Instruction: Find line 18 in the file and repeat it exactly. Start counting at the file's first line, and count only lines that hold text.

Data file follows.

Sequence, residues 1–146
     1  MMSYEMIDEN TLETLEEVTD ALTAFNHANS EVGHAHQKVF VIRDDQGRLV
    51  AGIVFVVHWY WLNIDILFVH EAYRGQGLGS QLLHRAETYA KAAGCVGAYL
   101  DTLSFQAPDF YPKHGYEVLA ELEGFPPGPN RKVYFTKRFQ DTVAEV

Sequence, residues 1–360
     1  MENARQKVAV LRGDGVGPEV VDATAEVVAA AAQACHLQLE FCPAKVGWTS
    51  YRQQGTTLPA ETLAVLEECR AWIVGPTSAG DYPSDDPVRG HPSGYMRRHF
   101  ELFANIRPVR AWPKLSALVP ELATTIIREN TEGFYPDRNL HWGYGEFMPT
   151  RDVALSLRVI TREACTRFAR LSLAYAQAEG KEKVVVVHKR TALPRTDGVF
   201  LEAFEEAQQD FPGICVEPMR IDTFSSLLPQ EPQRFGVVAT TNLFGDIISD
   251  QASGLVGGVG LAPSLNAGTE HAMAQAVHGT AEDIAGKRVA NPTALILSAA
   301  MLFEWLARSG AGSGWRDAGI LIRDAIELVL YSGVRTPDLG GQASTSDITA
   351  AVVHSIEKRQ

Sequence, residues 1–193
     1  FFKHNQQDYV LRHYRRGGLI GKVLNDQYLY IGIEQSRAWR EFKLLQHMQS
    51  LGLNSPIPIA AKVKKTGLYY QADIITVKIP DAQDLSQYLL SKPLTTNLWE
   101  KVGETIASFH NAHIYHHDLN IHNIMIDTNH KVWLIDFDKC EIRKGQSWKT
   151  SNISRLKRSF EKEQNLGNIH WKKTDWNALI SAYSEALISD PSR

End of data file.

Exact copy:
   151  SNISRLKRSF EKEQNLGNIH WKKTDWNALI SAYSEALISD PSR